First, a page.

2. For me the difference is usually a 20% reduction (i.e., If the estimated range is 25 miles with the climate control turned off, then it is 20 miles when the A/C is turned on.)

3. In practice I sometimes see more reduction than this and sometimes less, depending, of course on how hard the A/C is working, but notably depending even more on how fast I am driving. 

 

As I have posted before, if you are averaging less than 10 mph or so in short hot trips in a heat soaked car, you can actually use more electricity cooling the car than propelling it, thus cutting your EV range more than in half.



#9 OFFLINE   JnTX

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Posted 07 October 2013 - 07:20 PM

I have also been looking at the charging efficiency and typically seeing a value in the 70% to 73% range.  That is comparing the energy that MFM says I used for driving to the kWHrs that I know the charger is using.  When I use up the EV part of the battery capacity, MFM is saying I used about 4.5 kWhrs of energy.  The battery is supposed to be 7.6 kWhrs and have 6.5 kWhrs available for EV mode driving and 1.1 kWhrs held for the hybrid mode.  If I am actually using and replacing 6.5 kWhrs, the charging efficiency is more in the 95% range.  I would actually expect the charging efficiency to be in the 80% to 85% range so I don't think MFM is reporting all of the energy that the car is using and the battery may only be providing about 6 kWhrs at this point in it's life.  I'm about to change to an L2 charger and expect that to be a few % more efficient.  However, I don't think we are getting the real efficiency when we use the energy reported by MFM.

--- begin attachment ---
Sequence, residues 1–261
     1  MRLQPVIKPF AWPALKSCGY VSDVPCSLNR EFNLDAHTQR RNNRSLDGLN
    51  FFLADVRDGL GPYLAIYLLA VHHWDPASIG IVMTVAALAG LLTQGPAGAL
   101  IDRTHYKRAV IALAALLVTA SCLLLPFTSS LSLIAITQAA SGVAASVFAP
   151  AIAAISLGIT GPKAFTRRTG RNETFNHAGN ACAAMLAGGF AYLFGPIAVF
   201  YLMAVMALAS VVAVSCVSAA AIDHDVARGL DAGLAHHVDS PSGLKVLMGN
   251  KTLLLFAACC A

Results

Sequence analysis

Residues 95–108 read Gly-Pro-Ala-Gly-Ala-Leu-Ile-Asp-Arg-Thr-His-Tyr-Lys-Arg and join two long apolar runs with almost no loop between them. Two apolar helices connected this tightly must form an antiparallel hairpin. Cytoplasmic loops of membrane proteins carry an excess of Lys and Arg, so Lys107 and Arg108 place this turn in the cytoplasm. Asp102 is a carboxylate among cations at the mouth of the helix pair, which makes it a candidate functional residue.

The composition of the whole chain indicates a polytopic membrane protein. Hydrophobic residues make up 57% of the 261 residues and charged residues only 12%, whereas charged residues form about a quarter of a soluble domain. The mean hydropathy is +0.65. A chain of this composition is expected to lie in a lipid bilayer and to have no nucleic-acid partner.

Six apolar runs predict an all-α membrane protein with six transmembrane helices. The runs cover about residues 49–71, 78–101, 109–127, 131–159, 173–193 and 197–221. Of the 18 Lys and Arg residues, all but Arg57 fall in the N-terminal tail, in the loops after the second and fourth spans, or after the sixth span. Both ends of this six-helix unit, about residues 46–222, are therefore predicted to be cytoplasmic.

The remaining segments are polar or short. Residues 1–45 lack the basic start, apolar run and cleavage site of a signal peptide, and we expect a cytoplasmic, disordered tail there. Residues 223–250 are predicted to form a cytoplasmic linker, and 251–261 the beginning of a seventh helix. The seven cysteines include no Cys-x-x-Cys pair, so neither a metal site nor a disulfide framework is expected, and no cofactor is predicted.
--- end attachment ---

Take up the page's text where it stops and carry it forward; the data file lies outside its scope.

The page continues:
#10 OFFLINE   honemch

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Posted 07 October 2013 - 07:23 PM

I have also been looking at the charging efficiency and typically seeing a value in the 70% to 73% range. That is comparing the energy that MFM says I used for driving to the kWHrs that I know the charger is using. When I use up the EV part of the battery capacity, MFM is saying I used about 4.5 kWhrs of energy. The battery is supposed to be 7.6 kWhrs and have 6.5 kWhrs available for EV mode driving and 1.1 kWhrs held for the hybrid mode. If I am actually using and replacing 6.5 kWhrs, the charging efficiency is more in the 95% range. I would actually expect the charging efficiency to be in the 80% to 85% range so I don't think MFM is reporting all of the energy that the car is using and the battery may only be providing about 6 kWhrs at this point in it's life. I'm about to change to an L2 charger and expect that to be a few % more efficient. However, I don't think we are getting the real efficiency when we use the energy reported by MFM.


Don't forget the 1 kWh that is never used and reserved for battery health.

#11 OFFLINE   drdiesel1

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Posted 07 October 2013 - 10:21 PM

It's an estimate. Driving habits will vary the estimates range widely. Higher speeds and heavy throttle will drop EV range quick.